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Preparing for the Workplace: Charting a Course for Federal Postsecondary Training Policy ties and providing second chances are well-established special federal responsibilities. First, the federal government can bring visibility to the needs of the large middle of the work force between the high-school-educated and the college-trained that has been seriously neglected in this country, just as a decade ago the federal government helped focus attention on high school with its report, A Nation at Risk (National Commission on Excellence in Education, 1983). This middle group potentially includes a large majority of all workers. Second, while states are often wonderful laboratories for developing new ideas and programs (e.g., Osborne, 1990), the federal government has several advantages in fostering the spread of innovation. Innovation in the states tends to occur unevenly; the federal government is ideally situated to provide information and technical assistance on program improvements and to provide incentives that will encourage postsecondary providers to seek out and adopt the best practices. The federal government is in a better position than states to undertake research and evaluation, because of economies of scale and the benefits such research provides to all participants. Finally, even though sub-baccalaureate labor markets are local, some things (such as training credentials, see Chapter 6) should be national in scope to foster worker mobility and spur employer use through a common understanding of what the credentials mean. Third, the federal government has historically been a leader in shifting the focus of the nation's institutions (especially schools and colleges) as economic changes demanded new ways of preparing people for adult responsibilities. Long before America's citizens and legislators were ready to allow the federal government to give general aid to education, probably the most strongly held reserved power given to the states by the Constitution, they were prepared to support federal aid to occupation-oriented training.2 But while the federal government has historically spurred the development of training opportunities, especially for the young, it also bears some responsibility for the fragmentation of the nation's training effort. The federal tendency to proliferate categorical grant-in-aid programs in many areas of social policy has been widely discussed and much bemoaned.3 Having helped create the problem, the federal government should help find a solution. Finally, we believe that the federal government should lead because of the emerging consensus that brain power is the key to economic power and that to compete in the global economy the nation has to have a strategy for investing in people. We looked at the arguments behind this emerging consensus in Chapter 1; here we acknowledge that, in some ways, they are difficult to prove. But, if the principles recommended below are followed, and the caveats heeded, there is little harm in acting as though the consen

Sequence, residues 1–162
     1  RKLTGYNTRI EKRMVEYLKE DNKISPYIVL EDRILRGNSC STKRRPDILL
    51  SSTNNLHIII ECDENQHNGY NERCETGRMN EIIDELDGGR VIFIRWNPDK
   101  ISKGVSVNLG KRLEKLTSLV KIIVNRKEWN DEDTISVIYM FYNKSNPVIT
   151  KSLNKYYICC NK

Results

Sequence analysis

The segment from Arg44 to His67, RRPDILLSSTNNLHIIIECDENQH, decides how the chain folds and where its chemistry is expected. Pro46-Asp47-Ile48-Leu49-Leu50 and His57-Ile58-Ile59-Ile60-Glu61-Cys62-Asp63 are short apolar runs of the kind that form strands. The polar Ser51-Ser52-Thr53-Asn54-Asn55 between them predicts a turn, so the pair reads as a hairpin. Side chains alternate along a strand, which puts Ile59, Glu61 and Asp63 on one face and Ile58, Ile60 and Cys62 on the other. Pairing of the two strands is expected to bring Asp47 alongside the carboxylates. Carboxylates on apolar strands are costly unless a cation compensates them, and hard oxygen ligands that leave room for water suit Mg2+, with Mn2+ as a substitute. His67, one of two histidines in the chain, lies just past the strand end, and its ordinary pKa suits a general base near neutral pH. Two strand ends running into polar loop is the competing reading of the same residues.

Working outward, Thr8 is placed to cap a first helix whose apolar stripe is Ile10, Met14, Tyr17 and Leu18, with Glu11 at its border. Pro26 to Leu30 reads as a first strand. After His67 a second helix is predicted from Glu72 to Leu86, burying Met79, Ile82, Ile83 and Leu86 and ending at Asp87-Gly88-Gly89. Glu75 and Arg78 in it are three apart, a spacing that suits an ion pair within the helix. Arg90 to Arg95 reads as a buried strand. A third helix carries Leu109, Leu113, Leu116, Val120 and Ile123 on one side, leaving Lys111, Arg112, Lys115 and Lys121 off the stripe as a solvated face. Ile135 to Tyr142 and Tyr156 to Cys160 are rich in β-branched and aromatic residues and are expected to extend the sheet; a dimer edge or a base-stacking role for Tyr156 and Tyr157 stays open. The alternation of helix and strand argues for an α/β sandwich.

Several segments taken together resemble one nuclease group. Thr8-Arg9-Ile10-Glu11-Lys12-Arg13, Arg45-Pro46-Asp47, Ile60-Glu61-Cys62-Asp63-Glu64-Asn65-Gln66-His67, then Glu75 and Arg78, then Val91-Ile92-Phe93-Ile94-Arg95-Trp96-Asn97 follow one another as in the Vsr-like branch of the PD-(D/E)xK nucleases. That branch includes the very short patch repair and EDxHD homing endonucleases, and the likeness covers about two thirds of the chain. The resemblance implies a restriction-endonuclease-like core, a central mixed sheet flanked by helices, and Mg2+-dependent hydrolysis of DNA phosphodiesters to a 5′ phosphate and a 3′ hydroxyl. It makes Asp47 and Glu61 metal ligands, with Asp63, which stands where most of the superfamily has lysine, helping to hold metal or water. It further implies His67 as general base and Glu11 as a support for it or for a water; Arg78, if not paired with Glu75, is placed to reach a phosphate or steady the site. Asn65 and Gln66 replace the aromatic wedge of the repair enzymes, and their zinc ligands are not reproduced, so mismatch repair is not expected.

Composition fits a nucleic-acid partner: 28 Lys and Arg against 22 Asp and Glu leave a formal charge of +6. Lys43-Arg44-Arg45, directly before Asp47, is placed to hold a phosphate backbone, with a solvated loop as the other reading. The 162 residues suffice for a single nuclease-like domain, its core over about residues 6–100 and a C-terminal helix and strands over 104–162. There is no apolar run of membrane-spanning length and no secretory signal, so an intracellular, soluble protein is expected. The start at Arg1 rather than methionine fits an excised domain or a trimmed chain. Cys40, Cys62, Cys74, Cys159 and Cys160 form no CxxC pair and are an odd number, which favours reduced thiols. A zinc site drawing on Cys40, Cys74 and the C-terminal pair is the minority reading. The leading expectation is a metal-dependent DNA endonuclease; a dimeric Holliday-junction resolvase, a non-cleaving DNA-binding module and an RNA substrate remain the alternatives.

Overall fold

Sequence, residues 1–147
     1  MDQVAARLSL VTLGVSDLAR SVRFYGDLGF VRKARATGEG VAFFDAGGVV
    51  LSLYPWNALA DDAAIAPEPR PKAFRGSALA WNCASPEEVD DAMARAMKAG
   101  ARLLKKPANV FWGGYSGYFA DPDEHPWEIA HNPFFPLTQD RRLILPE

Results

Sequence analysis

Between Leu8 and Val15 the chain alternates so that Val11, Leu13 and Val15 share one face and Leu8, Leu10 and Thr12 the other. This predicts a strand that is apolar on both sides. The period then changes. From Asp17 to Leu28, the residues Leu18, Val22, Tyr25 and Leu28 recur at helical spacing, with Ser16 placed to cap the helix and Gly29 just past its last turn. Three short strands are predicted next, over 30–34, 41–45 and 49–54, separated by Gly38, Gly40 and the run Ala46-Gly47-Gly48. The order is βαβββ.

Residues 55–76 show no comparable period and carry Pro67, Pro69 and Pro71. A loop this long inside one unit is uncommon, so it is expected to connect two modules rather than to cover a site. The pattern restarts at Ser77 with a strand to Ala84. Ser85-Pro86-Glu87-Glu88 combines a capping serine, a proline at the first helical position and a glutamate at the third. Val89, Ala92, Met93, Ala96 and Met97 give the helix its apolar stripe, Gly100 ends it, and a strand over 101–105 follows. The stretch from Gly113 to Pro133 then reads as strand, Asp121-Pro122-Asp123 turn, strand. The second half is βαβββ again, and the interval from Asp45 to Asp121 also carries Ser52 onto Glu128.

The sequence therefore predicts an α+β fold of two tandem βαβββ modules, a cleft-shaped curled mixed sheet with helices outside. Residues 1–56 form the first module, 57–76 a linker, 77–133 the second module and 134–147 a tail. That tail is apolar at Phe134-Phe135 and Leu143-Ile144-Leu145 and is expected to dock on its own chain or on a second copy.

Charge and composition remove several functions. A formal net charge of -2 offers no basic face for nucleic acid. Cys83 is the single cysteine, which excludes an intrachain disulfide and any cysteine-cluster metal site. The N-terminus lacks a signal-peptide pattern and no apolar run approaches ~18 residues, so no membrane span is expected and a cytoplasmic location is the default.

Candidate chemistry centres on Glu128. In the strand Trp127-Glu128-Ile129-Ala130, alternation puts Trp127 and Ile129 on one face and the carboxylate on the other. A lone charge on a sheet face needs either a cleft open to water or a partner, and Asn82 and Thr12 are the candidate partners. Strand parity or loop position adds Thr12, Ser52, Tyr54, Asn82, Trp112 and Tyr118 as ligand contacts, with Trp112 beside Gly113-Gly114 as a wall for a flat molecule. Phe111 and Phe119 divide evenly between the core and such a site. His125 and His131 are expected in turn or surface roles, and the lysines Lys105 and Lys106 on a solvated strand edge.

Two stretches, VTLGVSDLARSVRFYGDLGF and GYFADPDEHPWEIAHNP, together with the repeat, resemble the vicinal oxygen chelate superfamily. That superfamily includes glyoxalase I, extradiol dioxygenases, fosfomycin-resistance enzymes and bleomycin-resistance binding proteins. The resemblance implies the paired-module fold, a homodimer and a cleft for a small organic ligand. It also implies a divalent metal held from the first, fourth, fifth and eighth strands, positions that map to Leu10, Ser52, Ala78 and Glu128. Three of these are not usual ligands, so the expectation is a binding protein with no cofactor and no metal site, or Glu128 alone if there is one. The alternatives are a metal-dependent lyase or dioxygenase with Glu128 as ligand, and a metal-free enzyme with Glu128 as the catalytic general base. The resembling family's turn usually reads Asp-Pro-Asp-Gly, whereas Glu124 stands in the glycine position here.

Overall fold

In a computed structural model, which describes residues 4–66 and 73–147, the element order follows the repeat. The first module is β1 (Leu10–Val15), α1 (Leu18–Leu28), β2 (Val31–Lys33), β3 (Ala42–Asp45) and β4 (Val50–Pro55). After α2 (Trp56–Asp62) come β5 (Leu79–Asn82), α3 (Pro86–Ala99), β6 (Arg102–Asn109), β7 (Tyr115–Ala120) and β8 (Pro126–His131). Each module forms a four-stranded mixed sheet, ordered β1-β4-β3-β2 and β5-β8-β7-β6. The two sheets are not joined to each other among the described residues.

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Preparing for the Workplace: Charting a Course for Federal Postsecondary Training Policy sus finding is true and much risk to the future economic well-being of the nation and its citizens from failing to act until evidence to support the consensus view becomes incontrovertible. PRINCIPLES TO GUIDE FEDERAL ACTION We present here seven principles to guide the development of federal policies and programs. The federal government should refocus its attention, emphasizing the importance of building a postsecondary training system rather than continuing the piecemeal approach that has characterized past efforts. The biggest needs in postsecondary training are for systemic thinking about training policy and for structures that can tie together the different parts of training and let individuals move easily among them. There are no "one-size-fits-all" or "magic bullet" solutions in a country where the responsibility for training is highly decentralized and where the four types of training needed by workers are so different from one another that multiple approaches and programs are inevitable. Federal policies in the past have, as they should, paid attention to the differences. All forms of training are related, however, as parts of the process of initially preparing and continuously improving the nation's work force. Good public policy now requires the federal government to give attention to linking the parts together in ways that are coherent to both the workers and the employers who need to use them. While not reducing its commitment to fostering equity, the federal government should give special attention to the problem of ensuring quality, in response to the pervasive sense that the quality of American training is at best mixed and often poor. We have seen that too little is known about what is actually accomplished by training and what happens to those who are trained. Too little information about the outcomes and results of training is available to potential trainees and those who would hire them. The problem of ensuring quality is admittedly complex in a decentralized system, but the federal government can encourage improvement in the quality of postsecondary training in ways compatible with our traditions and institutions (see Chapter 6). Another way of improving the overall performance of the postsecondary training system is for the federal government to respond to the information that is available about what works and what doesn't and to make changes when there is evidence public programs do not seem to be helping those whose lives they are supposed to improve. Youth training programs are a